To help him reach this goal, in early 2011 he began tracking his recovery with a program called Restwise, which Dixon suggested, as it keeps tabs on your daily resting heart rate, body mass, sleep, oxygen saturation, hydration, appetite, muscle soreness, energy level, mood state, well-being and the previous day’s performance.

Using these markers, Inkinen was better able to evaluate whether his body was ready for hard stimulus. If it wasn’t, he would give himself at least another easy day before he attempted an intense workout.

“It’s very eye-opening,” said Inkinen, who uses Dixon as a sounding board but prefers to create his training schedule himself, as he enjoys the process and puzzle. “It sort of forces you to be like, ‘Actually, I’m waking up this morning and my mood is not what it used to be. I’m a little grumpy. I’m not feeling right.’ And you see the numbers and you’re recovered 60 percent when it used to be 90. It’s like, ‘I think I’m not going to do this interval workout.’”

Dixon says that his athletes rely on Restwise as a tool, not a mandate.

“Sami doesn’t use it and say, ‘If I have a low score I don’t train,’” said Dixon, who has been working with Inkinen since 2008. “But really what it is is a conversation starter, an ability for any athlete to check in with themselves, spend two minutes thinking, ‘How do I actually feel today?’ and looking at their score to say, ‘Am I really recovered, and would I benefit from doing this workout?’”

Keeping track of recovery markers can be especially helpful for age-group triathletes like Inkinen—people who lead stressful lives but who often forget that stress is stress, whether it’s from an 11-hour flight, an intense board meeting or a hard hill workout.

“There are two types of stress: training stress and non-training stress,” Dixon said. “For a professional athlete, one of my 15 pros who I work with, they need to absolutely maximize training load while maintaining positive adaptations—so their physical performance is their limiter. For everyone else, they have to maximize their training load and integrate it within this massive, busy, non-training stress thing called life.”

The Restwise data analysis dovetailed nicely with the triathlon-related number crunching Inkinen had already been doing since 2004, when he first began keeping a triathlon workout log of sorts on an Excel spreadsheet. Back then, Inkinen was working toward his MBA at Stanford University, and some of his classmates had convinced him to attempt the Wildflower Long Course Triathlon even though he could barely swim.

Today, Inkinen still uses this very same spreadsheet, logging data points such as how he feels, how many hours he slept, his morning heart rate, his weight, his caffeine intake, his caloric intake, and any workouts he has done and how they went. The spreadsheet also serves as a diary of sorts, and Inkinen says each day he writes down three things he’s been grateful for in the previous 24 hours.

“Partially it’s my diary as well. So, mainly it’s around the workouts, but it’s also stuff like, ‘I got married today,’ kind of thing,” Inkinen said, laughing.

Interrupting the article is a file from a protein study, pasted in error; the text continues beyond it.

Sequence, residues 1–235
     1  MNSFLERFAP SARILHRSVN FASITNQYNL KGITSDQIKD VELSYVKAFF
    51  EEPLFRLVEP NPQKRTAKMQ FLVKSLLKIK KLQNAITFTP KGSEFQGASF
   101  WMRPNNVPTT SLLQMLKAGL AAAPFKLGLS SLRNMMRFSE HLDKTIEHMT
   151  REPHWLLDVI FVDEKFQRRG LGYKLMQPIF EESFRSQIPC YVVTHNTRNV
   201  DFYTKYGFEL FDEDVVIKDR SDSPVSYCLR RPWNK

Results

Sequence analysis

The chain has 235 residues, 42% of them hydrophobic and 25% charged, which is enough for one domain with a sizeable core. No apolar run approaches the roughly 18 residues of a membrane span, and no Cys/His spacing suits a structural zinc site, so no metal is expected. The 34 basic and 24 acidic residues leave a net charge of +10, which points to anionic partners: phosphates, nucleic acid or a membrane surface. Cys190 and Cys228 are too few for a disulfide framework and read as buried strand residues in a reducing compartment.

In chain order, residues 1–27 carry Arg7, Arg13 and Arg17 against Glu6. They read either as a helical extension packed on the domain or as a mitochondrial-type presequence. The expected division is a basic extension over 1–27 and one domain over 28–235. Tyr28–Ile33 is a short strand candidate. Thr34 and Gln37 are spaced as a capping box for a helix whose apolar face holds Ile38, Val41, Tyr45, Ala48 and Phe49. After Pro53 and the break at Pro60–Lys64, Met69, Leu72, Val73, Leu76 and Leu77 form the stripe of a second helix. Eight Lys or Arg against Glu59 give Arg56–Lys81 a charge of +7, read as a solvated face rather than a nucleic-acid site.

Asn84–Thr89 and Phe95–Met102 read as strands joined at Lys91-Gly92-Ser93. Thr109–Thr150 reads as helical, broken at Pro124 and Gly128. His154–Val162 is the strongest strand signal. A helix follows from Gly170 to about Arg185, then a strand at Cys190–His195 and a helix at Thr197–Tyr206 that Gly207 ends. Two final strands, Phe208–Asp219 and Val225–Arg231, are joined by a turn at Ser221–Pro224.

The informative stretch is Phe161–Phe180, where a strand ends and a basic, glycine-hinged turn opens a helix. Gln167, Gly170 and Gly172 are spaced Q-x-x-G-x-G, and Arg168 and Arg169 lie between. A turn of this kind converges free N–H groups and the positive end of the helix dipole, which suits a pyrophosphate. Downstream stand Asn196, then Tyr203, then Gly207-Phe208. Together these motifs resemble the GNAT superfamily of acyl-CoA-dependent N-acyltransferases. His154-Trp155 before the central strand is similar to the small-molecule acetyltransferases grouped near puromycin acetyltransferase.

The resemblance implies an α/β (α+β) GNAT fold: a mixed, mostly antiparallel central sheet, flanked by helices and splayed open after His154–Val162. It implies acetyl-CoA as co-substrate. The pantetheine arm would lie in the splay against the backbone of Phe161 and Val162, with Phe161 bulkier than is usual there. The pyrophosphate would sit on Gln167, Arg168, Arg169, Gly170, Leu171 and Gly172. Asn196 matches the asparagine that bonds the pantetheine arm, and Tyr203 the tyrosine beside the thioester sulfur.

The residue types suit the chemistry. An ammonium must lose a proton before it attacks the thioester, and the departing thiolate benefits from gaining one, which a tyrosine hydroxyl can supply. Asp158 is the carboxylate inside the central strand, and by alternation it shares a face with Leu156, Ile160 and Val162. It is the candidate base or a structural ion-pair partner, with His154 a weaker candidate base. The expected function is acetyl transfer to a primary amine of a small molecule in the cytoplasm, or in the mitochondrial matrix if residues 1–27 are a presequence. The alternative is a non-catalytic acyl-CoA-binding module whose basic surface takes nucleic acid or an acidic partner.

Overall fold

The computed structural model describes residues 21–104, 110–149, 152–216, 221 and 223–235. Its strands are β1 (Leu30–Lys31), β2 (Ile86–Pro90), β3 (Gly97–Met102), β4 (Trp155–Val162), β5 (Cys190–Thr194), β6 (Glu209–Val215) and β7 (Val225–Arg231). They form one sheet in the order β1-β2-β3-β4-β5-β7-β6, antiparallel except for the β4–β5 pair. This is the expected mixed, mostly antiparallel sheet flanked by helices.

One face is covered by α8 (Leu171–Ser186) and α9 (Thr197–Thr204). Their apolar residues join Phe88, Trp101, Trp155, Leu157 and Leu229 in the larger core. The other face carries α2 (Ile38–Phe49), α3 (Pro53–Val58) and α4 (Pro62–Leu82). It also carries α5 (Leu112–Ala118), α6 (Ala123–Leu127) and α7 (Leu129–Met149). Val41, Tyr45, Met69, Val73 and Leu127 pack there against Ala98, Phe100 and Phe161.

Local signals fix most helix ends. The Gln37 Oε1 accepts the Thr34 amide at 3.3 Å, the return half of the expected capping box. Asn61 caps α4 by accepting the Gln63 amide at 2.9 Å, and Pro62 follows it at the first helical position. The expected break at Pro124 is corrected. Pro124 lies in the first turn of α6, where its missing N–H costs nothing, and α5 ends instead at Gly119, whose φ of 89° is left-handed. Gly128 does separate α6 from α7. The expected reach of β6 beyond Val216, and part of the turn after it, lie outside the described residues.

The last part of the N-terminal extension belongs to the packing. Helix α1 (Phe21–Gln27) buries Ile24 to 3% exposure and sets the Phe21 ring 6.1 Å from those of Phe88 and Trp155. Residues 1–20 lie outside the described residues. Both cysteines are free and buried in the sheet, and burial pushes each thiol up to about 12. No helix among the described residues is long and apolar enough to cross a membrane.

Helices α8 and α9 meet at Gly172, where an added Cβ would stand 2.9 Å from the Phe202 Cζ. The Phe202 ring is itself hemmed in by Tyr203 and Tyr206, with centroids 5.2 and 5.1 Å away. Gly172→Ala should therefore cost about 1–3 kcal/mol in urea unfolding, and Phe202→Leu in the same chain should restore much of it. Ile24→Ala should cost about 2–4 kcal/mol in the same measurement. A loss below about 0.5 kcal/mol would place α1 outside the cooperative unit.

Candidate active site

This focus on recovery is, in a sense, a focus on specificity—or the tenet that every workout should have a purpose, and that you shouldn’t start a workout unless your body is ready to achieve that purpose.

When Inkinen first began working with Dixon, he was doing a lot of workouts at a steady, mediocre pace and little intensity—he was exercising more than he was working out and getting by at races on genetics alone.

What Dixon brought to the table was intensity and specificity, Inkinen says.

“Sami’s genetically gifted, but he happens to be an athlete who responds really, really well to intensity,” Dixon said. “We did more intensity, but it wasn’t just blind intensity; it was also very specific. What I did was not just add intensity, but I added specificity to his training.”

Instead of going out and riding around aimlessly for a few hours, Inkinen might do a workout on the trainer where he warms up for 20 minutes and then does 4 x 8 minutes or 5 x 8 minutes (depending on how he feels) where the eight minutes are broken up into two minutes at half-Ironman race pace, two minutes just above half-Ironman race pace, two minutes at, and then two minutes above, followed by a five-minute jog for a cool-down.

When Inkinen gets into the weeks leading up to an Ironman, he might do a workout where he warms up for 30 minutes and then rides for 20 minutes just under Ironman intensity, then 20 minutes just at Ironman intensity, and then 20 minutes just above Ironman intensity. (See chart on page 36 for a typical training week for Inkinen.)

Inkinen will tell you that he doesn’t like to train to the point of exhaustion and instead finishes every ride or run with good form. He believes that training to exhaustion requires too much recovery, and he likes to be able to start another intense workout within 24 hours.

***

While Inkinen’s focus on specificity and recovery in training was important to his success in 2011, there was another part of the triathlon puzzle that Inkinen knew he would have to solve if he were to ever really knock it out of the park at Kona or Vegas.